Most bandwagons are easy to hop on. Buy the right shirt or shoes, the right album, the right cookbook, and then act like you had it first. Make fun of all posers. Repeat as necessary.
But it’s different with the man bun. There’s no shortcut to growing an extra foot of hair overnight to fit in, and whatever tuft you can pull through your girlfriend’s red elastic band doesn’t count. Those stubby, limp shocks of hair, often referred to as “the Pineapple” and barely long enough to knot on top of a head, are the easy way out. They aren’t cool, no matter what Tumblr, that famous actor, or your local poet/barista says, and they’re certainly not worthy of being celebrated or emulated by the masses.
A real man bun takes time, and the commitment to a certain lifestyle. Those who wear them have the testicular fortitude and guttural yawp to back it up. Decked in flannels and beards, they’re usually mistaken for Chris Hemsworth’s cousins; a modern-day Sampson whose hair is an afterthought, but who sometimes needs to light a campfire or see where he’s swinging his ax. He man buns out of utility or indifference. He doesn’t compare his look to fruit while sipping vodka through a small red straw. He doesn’t actually remember straws.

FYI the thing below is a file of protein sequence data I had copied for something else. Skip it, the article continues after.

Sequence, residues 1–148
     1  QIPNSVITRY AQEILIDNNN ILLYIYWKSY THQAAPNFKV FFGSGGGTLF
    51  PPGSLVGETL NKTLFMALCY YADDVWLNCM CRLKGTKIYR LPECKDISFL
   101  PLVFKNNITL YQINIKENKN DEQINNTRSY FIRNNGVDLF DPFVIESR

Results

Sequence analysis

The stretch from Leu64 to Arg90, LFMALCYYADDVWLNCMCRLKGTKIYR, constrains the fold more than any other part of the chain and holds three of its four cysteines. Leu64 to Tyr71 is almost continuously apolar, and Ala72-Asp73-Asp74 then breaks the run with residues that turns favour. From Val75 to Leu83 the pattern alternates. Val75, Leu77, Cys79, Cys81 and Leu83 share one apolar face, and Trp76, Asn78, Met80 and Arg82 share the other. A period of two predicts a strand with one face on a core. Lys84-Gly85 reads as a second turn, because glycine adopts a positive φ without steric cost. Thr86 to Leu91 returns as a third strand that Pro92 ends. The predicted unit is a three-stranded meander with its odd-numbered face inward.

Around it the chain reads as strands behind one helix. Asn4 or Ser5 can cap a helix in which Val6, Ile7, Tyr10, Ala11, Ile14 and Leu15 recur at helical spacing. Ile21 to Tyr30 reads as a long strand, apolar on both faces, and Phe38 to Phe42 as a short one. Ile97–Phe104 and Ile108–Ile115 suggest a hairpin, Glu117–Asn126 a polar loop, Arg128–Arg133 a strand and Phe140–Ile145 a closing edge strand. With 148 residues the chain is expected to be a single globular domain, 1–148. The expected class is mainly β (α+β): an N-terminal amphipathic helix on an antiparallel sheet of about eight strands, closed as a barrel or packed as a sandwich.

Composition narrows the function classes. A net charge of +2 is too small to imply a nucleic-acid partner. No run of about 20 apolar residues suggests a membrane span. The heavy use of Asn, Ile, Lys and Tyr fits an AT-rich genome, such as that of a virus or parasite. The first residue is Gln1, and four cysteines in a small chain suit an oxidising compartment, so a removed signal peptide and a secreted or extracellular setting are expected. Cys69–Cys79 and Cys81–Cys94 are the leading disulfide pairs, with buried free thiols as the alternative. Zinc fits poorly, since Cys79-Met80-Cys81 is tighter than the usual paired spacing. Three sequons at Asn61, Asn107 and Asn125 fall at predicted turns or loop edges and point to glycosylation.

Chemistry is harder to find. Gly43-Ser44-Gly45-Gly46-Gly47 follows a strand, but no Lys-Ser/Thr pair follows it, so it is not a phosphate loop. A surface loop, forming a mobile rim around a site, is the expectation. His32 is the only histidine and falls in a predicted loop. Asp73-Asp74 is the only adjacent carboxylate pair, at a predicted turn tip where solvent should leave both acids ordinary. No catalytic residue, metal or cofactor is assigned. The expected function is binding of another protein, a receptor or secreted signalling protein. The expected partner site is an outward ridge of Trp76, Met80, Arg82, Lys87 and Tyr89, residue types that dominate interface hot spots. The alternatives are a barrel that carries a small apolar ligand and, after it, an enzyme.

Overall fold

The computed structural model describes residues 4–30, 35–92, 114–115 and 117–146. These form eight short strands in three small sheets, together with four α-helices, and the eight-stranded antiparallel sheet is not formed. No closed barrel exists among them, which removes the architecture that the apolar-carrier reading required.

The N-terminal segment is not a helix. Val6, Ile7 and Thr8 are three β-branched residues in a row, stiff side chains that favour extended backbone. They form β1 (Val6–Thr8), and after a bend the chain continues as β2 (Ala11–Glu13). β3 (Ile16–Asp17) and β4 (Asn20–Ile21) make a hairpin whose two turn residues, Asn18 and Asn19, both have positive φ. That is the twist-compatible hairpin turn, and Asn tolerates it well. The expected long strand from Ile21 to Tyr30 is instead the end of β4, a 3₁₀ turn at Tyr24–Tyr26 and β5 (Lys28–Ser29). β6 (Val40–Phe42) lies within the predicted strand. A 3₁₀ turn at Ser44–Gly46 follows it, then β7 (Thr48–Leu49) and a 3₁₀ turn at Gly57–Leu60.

When The New York Times asked a collection of men their reasons for adopting the mini bun style, most responders referred to a deliberate action, with answers that ranged from wanting to look like a hipster to appearing “less straight-edge.” Few said “it just happened,” and one guy said he hoped the trend would die so he could finally cut his hair. “I’m done with it,” he admitted, not realizing that, like Dorothy, the power existed inside him all along.
If you have long hair, wear it. Be proud of the months and years it took to grow, and throw it in a bun when the action calls for it (after all, long hair can be a bitch). If you’re a clean-cut junior executive or have hair short enough to play for the Yankees, don’t bother. No amount of false confidence and no number of glossy articles can distract from the fact that you’re trying too hard to be cool, and that’s the least cool thing of all.
Additional reporting by Julia Savacool.
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